Thursday, October 31, 2013
Obstruction of Investigation in EU Competition Law: Issues and Developments in the European Commission's Approach
Maurits Ter Haar, De Brauw Blackstone Westbroek N.V. explores Obstruction of Investigation in EU Competition Law: Issues and Developments in the European Commission's Approach.
ABSTRACT: This article examines the practice of the European Commission in fining undertakings for the obstruction of the Commission’s investigation. For years, the Commission has fined such procedural infringements by qualifying them as an aggravating circumstance in the decision in the substantive case. In recent years, however, the Commission has increased its attention to cases of obstruction of investigation and has started fining them as autonomous infringements in standalone decisions. The Commission has, in the past few years, adopted three such decisions: "E.ON Energie" and "Suez Environnement", both concerning the breach of a seal, and "EPH and others" concerning an IT-related infringement. In the appeal of "E.ON Energie", the Court of Justice recently upheld the Commission’s approach.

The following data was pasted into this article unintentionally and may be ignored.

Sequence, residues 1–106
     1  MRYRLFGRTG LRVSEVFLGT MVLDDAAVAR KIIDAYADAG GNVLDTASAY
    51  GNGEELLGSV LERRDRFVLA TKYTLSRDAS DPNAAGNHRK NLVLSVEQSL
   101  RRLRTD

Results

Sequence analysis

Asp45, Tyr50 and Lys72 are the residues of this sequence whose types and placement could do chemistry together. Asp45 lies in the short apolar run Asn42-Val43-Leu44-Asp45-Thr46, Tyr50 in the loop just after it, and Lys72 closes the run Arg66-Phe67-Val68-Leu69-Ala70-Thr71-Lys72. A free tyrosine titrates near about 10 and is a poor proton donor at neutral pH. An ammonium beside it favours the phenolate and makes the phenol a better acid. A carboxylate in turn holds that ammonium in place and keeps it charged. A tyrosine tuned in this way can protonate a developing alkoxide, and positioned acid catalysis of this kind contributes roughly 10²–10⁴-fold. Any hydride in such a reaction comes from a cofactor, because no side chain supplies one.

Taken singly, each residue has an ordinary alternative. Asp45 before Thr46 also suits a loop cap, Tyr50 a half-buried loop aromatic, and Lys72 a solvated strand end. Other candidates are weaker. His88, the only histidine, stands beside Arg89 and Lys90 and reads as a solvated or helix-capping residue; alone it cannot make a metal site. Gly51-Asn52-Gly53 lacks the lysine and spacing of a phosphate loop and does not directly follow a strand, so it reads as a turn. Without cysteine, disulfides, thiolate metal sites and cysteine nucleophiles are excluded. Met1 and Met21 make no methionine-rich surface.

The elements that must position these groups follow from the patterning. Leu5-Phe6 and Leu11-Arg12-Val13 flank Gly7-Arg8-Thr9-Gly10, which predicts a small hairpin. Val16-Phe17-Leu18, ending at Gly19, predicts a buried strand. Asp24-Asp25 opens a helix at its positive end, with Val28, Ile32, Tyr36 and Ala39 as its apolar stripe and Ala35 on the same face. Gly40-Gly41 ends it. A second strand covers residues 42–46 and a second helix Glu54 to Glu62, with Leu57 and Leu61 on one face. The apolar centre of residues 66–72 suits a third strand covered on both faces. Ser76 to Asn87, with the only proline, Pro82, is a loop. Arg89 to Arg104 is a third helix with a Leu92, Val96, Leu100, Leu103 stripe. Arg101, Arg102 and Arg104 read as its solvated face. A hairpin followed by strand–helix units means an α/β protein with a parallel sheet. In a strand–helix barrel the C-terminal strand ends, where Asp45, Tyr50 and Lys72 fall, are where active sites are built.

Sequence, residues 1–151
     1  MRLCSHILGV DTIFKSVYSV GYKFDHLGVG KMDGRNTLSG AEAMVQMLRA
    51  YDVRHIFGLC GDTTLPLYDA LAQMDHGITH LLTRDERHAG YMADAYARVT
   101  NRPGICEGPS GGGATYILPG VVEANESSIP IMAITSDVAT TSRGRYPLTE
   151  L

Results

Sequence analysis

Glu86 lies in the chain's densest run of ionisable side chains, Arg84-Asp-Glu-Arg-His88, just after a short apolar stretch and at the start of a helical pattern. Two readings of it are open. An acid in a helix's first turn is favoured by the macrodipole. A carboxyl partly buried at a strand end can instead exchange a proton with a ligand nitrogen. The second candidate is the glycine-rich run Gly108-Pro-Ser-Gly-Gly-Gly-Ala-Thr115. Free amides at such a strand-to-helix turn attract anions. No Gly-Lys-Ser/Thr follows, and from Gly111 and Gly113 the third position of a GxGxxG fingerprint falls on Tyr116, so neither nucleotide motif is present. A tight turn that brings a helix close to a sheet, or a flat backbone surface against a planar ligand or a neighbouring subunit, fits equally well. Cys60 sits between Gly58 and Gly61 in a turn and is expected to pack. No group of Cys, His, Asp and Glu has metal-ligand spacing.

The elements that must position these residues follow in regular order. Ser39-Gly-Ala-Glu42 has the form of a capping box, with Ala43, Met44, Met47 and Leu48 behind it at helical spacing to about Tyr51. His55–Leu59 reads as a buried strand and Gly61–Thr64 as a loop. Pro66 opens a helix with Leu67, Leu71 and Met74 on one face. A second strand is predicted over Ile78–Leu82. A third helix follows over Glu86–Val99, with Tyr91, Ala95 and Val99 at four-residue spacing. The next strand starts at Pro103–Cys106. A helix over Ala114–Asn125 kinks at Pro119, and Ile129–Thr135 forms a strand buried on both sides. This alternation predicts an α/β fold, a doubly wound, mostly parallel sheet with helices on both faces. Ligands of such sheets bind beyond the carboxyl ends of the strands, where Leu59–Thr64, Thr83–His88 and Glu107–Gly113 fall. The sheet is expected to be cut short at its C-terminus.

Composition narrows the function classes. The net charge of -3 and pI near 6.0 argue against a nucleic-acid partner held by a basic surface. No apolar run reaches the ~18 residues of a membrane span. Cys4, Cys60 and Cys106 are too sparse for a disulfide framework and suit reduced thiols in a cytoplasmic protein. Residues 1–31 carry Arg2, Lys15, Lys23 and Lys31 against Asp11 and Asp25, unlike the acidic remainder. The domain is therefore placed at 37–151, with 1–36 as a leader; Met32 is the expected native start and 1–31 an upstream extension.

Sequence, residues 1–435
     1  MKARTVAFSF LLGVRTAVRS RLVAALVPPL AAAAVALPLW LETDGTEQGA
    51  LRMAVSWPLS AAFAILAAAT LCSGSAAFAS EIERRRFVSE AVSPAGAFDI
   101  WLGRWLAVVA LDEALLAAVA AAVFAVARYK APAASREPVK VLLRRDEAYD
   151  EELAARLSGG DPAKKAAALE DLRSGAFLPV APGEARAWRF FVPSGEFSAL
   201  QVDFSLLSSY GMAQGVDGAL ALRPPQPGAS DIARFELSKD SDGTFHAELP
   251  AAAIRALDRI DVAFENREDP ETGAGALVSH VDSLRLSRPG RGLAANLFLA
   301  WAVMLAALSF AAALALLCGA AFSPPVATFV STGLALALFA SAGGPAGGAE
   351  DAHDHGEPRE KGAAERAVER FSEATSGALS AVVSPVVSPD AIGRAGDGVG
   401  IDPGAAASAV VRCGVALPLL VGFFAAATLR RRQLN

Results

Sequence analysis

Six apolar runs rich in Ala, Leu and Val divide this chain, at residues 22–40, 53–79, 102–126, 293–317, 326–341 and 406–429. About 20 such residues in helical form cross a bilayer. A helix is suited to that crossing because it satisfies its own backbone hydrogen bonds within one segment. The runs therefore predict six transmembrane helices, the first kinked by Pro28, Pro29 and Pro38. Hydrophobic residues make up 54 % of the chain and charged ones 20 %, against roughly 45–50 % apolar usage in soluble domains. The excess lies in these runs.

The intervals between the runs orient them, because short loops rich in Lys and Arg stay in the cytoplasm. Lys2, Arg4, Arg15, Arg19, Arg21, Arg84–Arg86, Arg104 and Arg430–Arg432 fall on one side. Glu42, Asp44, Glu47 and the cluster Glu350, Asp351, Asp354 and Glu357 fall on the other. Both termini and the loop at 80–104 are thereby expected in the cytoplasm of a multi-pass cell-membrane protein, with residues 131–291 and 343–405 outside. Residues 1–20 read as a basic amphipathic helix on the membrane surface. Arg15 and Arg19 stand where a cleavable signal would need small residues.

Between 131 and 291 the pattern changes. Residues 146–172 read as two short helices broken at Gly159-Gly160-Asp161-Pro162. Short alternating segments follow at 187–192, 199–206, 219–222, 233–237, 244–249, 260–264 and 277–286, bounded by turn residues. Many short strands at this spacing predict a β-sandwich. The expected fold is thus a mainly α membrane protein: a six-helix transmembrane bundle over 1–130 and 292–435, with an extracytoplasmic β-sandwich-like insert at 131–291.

While the move from circumstantial to standalone fining is commendable in itself, these standalone fines are set in a "black box" that allows the Commission too much discretionary leeway. This raises issues of arbitrariness, proportionality and legal certainty. Therefore, it is submitted that the adoption by the Commission of fining guidelines for obstruction of investigation cases is warranted.